Prior to this update, the default maximum waiting period of 30 seconds could not be adjusted.

The timeout value can be specified in minutes (m), seconds (s), or a combination of both. When a unit is not specified, the default of seconds is used. Minutes and seconds can be combined, for example 2m30s, which means 2 minutes and 30 seconds. Examples:

   ./server stop                   // 30 seconds
   ./server stop --timeout=45      // 45 seconds
   ./server stop --timeout=45s     // 45 seconds
   ./server stop --timeout=3m20s   // 3 minutes, 20 seconds

The default timeout value is 30 seconds. If the server consistently takes longer than 30 seconds to stop, consider increasing the timeout value by using the --timeout option.

For more information, refer to the server stop command documentation.

Security vulnerability (CVE) fixes in this release

CVE CVSS Score Vulnerability Assessment Versions Affected Notes



Information disclosure -

Affects the restfulWS-3.0 feature

For a list of past security vulnerability fixes, reference the Security vulnerability (CVE) list.

Notable bugs fixed in this release

We’ve spent some time fixing bugs. The following sections describe just some of the issues resolved in this release. If you’re interested, here’s the full list of bugs fixed in

  • Server fails to start due to conflict on servlet feature

    When individually installing a set of EE7 or EE8 features using the featureUtility installFeature command, the server can fail to start due to a conflict on servlet features, as shown in the following example.            E CWWKF0033E: The singleton features servlet-3.1 and servlet-3.0 cannot be loaded at the same time.  The configured features servlet-3.1 and apiDiscovery-1.0 include one or more features that cause the conflict. Your configuration is not supported; update server.xml to remove incompatible features.                I FFDC1015I: An FFDC Incident has been created: "java.lang.IllegalArgumentException: Unable to load conflicting versions of features "" and "".  The feature dependency chains that led to the conflict are: and -> -> io.openliberty.restHandler.internal-1.0 -> io.openliberty.webBundleSecurity.internal-1.0 -> io.openliberty.servlet.internal-3.0 ->

    The problem does not occur if the featureUtility installServerFeatures command is used instead. It can also be worked around by installing the mpJwt-1.2 feature if using Jakarta EE 8 features.

    The issue has been resolved and the featureUtility installFeature command will install the features in a way to allow all of them to be included in a server.xml and the server will be able to start properly.

  • Scheduled Futures leak resources from Managed Executor Services on application stop

    The futures queue in ManagedScheduledExecutorServiceImpl holds references to scheduled futures, even once they have completed.

    The queue is periodically cleaned when new tasks are scheduled, by the private purgeFutures() method, but otherwise they are not actively removed, and it isn’t called when applications are shutdown. As purgeFutures() is private, applications can’t call it themselves.

    This issue has been resolved and the resources are now released automatically when an application stops.

  • Validate HTTP header names

    Due to a bug, HTTP requests were not being checked for invalid characters.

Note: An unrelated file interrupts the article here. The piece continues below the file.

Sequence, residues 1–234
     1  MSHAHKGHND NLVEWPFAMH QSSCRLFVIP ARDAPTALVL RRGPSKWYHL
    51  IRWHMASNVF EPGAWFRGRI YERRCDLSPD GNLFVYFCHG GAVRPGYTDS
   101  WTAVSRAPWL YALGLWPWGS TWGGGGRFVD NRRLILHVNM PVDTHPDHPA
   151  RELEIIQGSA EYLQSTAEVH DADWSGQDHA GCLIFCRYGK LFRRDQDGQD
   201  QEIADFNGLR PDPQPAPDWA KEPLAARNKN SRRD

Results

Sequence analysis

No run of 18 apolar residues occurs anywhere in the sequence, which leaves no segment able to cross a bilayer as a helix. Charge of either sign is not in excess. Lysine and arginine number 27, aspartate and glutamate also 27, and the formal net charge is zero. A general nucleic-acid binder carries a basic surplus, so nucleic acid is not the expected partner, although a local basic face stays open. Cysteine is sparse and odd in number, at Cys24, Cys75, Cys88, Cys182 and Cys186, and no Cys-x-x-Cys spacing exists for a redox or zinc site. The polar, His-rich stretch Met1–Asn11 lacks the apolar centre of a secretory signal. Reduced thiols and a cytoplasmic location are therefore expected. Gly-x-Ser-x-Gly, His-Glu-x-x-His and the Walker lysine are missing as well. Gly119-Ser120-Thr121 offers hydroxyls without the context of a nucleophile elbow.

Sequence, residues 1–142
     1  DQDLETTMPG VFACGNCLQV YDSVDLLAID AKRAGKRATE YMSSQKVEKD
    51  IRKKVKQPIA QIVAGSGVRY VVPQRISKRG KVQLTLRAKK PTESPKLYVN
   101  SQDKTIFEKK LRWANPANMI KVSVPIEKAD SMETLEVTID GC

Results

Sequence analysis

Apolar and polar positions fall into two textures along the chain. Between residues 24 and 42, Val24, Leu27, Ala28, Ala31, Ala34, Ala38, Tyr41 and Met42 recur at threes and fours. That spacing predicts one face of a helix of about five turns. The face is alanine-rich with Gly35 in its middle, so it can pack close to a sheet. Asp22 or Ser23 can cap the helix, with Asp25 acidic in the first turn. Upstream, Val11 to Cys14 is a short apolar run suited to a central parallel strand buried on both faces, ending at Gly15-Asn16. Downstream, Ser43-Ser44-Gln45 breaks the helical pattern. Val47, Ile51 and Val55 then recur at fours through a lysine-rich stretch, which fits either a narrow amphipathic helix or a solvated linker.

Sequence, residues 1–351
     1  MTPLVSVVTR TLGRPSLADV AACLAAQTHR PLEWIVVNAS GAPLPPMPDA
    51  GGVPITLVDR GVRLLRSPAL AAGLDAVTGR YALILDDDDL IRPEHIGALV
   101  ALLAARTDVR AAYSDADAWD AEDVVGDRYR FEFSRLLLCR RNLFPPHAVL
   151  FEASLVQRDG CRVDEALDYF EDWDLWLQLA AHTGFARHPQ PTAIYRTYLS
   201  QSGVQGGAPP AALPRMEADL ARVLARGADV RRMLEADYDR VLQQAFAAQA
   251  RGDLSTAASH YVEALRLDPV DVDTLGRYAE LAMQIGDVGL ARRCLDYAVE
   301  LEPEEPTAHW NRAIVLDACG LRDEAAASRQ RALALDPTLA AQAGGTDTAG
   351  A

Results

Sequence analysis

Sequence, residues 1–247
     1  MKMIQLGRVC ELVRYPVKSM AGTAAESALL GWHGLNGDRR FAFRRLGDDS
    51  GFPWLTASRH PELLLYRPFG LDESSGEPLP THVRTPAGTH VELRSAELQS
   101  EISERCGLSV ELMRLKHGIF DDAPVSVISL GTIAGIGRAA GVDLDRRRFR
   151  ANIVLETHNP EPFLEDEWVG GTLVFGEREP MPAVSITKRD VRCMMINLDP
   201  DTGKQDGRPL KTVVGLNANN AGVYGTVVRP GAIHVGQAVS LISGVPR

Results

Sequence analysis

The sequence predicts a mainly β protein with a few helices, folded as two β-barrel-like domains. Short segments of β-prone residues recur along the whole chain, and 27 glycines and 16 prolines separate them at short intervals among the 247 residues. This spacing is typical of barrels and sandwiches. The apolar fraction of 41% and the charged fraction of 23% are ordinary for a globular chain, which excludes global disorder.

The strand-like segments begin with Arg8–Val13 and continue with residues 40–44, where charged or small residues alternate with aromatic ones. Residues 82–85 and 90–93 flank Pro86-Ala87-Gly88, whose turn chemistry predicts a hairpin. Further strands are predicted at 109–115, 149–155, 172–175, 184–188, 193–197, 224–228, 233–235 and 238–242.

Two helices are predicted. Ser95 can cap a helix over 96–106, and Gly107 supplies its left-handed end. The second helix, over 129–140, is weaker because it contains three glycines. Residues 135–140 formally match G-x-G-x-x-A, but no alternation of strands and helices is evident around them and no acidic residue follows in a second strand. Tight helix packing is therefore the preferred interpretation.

The issue has been resolved and an HTTP request with an invalid character now causes the HTTP response to contain a 400 response code.

  • DoNotAllowDuplicateSetCookies http channel config option is not working

    The HTTP channel config property DoNotAllowDuplicateSetCookies=true, when set, still allows duplicate Set-Cookie cookies in HTTP responses.

    This issue has been resolved and the response headers no longer contain the duplicate Set-Cookie cookies when DoNotAllowDuplicateSetCookies=true is set.

  • batch-2.1 feature content is active even when configuring batch-1.0 or 2.0

    Content added as part of the beta batch-2.1 feature will be loaded and active even if the user configures the server for batch-1.0 or batch-2.0. This is unintended and may cause conflicts based on the user’s environment.

    The issue has been resolved and the new batch-2.1 specific content will no longer be exposed in batch-1.0 nor batch-2.0 features.

  • Fix configuration attribute name used in CWWKS1738E message

    When using an OIDC RP via the Social Media Login feature, it’s possible for the wrong configuration attribute name to be included in the error message emitted when the expected user name claim is not in the ID token returned from the OP. The following is an example of such an error message. E CWWKS1738E: The OpenID Connect client [client01] failed to authenticate the JSON Web Token because the claim [someBadName] specified by the [userIdentifier] configuration attribute was not included in the token.

    The error message refers to the userIdentifier configuration attribute. However, in the socialLogin-1.0 feature the equivalent configuration attribute is actually called userNameAttribute.

    This issue has been resolved by updating the NLS message to reference the correct attribute name.

New and updated guides since the previous release

As Open Liberty features and functionality continue to grow, we continue to add new guides to on those topics to make their adoption as easy as possible. Existing guides also receive updates to address any reported bugs/issues, keep their content current, and expand what their topic covers.

Application authentication